“Lady Godiva herself,” I said.
“More like lady go die,” Velda said, in hushed horror.
Lady, Go Die! is an epic noir collaboration between two amazing authors from different eras. I was delighted that Max Allan Collins’ style blended so seamlessly with Mickey Spillane’s, and gave us another chapter in the Mike Hammer mythos. Rescued from a wealth of unpublished material after Spillane’s death, the “brittle, yellow single-spaced pages” of Lady, Go Die! were quite the find, and beg the question “What else does the deceased master have in store for us?” Max relates,
A week before his death, Mickey Spillane told his wife Jane, “When I’m gone, there’s going to be a treasure hunt around here. Take everything you find and give it to Max–he’ll know what do do.” Lady, Go Die! constituted perhaps the most exciting find. As I read the manuscript, I realized this was something quite special…”
To those who take issue with Mickey “passing the torch” in this manner I say: If Mickey trusts Max, I trust Max. I’m glad I did. The teaser:
Mike Hammer needs a vacation. With buxom secretary in tow, a promise to lay off the sauce, and a hope for relaxation he leaves the bustle of Manhattan and arrives in the sedated, beach-side village of Sidon. Before long, he stumbles upon a scene of police brutality and uncovers a chain of corruption that stretches all the way back to the big city. When a sexy husband-killing widow is found murdered, astride a horse statue naked in the center of town, the Private Eye’s instincts kick in, leading him on the hunt of a two-fold mystery: A serial murderer who preys on beautiful women and an illegal gambling racket where every town official is on the take.
“You know me, Louie. I’m not much of a gambler.”
A grave expression took over the jovial face. “You are the great gambler, Mike. You gamble your life.”
A noir crime fiction by noir definition:
1) The Seedy Underworld
A beach front retreat before summer bloats is the back drop for this caper. Oceanside mansions, quaint hotels, and local diners- populated by the small-town salt of the earth.
2) The Anti- Hero
Mike Hammer is a bastion of masculinity. He’s as smart as he is violent, and understands that some folks just need killing. Prone to dabble in alcoholism and dames, he’s an anti-hero that skirts the line between Sam Spade and Parker.
I couldn’t stay a cop. All those rules and regulations drove me bugs. I had a more direct method for dealing with the bastards that preyed upon society–I just killed their damn asses.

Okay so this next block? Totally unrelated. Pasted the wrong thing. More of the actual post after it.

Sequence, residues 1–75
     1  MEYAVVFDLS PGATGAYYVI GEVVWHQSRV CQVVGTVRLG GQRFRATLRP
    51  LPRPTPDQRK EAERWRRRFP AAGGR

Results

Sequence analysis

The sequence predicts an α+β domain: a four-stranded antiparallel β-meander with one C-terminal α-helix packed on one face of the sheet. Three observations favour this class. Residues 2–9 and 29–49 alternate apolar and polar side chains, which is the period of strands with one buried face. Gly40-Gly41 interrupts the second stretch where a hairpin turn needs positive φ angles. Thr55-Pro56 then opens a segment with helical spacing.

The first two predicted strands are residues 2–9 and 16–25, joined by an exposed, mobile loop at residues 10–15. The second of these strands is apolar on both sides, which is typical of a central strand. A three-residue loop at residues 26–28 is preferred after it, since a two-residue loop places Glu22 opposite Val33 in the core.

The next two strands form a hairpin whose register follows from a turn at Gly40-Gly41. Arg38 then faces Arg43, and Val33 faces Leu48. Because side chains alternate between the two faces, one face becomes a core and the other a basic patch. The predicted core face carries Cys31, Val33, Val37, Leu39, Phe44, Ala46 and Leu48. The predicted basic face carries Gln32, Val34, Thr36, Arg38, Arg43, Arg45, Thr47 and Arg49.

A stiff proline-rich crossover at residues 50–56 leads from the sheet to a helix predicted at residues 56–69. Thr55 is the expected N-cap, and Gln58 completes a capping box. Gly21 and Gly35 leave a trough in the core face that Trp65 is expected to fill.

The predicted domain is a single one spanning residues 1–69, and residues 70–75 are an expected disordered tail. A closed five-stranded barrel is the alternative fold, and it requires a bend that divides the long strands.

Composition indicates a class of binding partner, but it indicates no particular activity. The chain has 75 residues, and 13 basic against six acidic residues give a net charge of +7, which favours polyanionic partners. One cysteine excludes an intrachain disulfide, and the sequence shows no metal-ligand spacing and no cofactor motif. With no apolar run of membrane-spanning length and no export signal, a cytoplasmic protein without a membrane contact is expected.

3) The Femme Fatale
In Lady, Go Die! the dames are all femme fatales; my only question was which one would get Mike killed first.
Her mouth found mine and she trembled under me as our mouths surrendered to each other.
When I held her away from me, she was gasping, “That was the first time you ever did that, Mike.”
“I’ve wanted to for a long time,” I told her roughly.
Mike himself isn’t very misogynistic, but the overall tone of the novel is. The women in the story are completely male defined, and even the strongest of them (Velda) isn’t strong enough avoid becoming a victim…
Redemption doesn’t appear to be a central theme beyond the intellectual redemption that comes from unraveling a mystery. From time to time Mike experiences fits of vengeance, but I wouldn’t call these redemptive in any way to his character. He seems more motivated by pride than anything.
Lady, Go Die! has a satisfyingly erotic tilt to it. Some of the best scenes in the book involve the attempted seduction of Mike Hammer, and the relentless tension between he and Velda. For the wary: this isn’t a romance novel, and the details are spared any graphics. In a word, titillation.
Before she could finish that thought, I reached up and gripped her dressing gown at the neck, then gave it a vicious yank. The light material of the wrapper ripped like paper. I tossed it away like a used tissue and had a look at my handiwork.
7) Loss of Innocence
The loss of innocence is a central theme in this noir crime fiction, and is expected because of the serial killing angle. Lovely, pure, and innocent women are found strung up and nude, posed in the most degrading of fashions by a sadistic fiend. How can innocence exist in such a clime? As you read, remember that everyone is a suspect, no one above suspicion.
8 ) Smoke
The smoke curls from the end of a gun just as frequently as it curls from the end of a cigarette in this novel.
Mike doesn’t fear emasculation because it isn’t an option. He knows that even if he were to lose, the winner wouldn’t escape his punishment. Mr. Hammer never doubts himself, doesn’t allow others to take advantage of him or those he cares about, and never crumbles under the pressure. In this way he arrives as an escapee from a time-capsule of early noir; a vision of man as he should be.
“Ain’t you the one that–“
Velda stopped him again. “Shot down those two hoods in Times Square? That’s him. Showed a couple hundred people in a nightclub what a crook had for dinner, using a steak knife? One and the same. Got in Dutch with the police for making a perfectly good suspect unrecognizable? That’s him.”
Lady, Go Die! is a great gritty read and if you haven’t experienced Mike Hammer yet, here’s the place to start.
One response to “Noir Crime Fiction | Lady, Go Die! by Max Allan Collins and Mickey Spillane”
I saw this for the first time last week but I didn’t want the hardback so I bought Consummata instead, which I think may have been the book were the torch was passed on. It was an unfinished Spillane novel (the sequel to Delta Factor) finished by Collins. For some reason it’s not on his Spillane’s Wikipedia page.
I checked Wiki and there’s another two in this series to come
2013- Complex 90 – Mike Hammer; completed by Max Allan Collins
2014- King of the Weeds – Mike Hammer; completed by Max Allan Collins
May have to get over my dislike for hardbacks and just buy this one.